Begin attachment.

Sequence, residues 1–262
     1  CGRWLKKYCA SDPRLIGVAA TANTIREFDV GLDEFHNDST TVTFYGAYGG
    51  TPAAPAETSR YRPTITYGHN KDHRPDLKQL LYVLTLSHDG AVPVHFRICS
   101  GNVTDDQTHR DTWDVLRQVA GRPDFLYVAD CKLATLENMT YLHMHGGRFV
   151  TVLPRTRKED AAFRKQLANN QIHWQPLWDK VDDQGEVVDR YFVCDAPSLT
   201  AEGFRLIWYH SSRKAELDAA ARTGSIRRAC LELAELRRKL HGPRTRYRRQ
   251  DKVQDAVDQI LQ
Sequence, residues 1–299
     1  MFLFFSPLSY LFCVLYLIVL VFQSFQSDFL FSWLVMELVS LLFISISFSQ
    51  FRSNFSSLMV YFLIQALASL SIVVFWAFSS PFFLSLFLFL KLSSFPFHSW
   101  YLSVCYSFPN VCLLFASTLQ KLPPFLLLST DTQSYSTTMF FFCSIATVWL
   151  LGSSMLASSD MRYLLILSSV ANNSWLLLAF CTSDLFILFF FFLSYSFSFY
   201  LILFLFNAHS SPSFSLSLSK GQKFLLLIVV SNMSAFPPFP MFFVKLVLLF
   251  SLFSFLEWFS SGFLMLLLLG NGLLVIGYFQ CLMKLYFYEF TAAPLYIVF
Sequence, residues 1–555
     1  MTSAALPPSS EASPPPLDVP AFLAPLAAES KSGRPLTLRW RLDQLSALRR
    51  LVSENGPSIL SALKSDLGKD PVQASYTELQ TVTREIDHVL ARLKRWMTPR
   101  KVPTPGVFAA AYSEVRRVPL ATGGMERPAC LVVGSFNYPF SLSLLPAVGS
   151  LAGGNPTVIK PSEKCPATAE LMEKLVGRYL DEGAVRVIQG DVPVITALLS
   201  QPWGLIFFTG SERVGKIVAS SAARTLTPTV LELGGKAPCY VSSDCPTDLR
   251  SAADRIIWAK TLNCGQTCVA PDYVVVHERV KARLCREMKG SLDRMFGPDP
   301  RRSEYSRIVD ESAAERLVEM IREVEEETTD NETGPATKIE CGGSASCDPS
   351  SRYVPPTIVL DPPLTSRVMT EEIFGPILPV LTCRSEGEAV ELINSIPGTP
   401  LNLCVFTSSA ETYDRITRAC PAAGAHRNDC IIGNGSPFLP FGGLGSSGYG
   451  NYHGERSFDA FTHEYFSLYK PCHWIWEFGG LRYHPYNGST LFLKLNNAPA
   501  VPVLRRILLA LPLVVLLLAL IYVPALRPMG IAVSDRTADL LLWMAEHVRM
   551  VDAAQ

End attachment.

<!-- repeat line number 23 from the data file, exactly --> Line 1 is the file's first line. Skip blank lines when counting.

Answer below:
   351  SRYVPPTIVL DPPLTSRVMT EEIFGPILPV LTCRSEGEAV ELINSIPGTP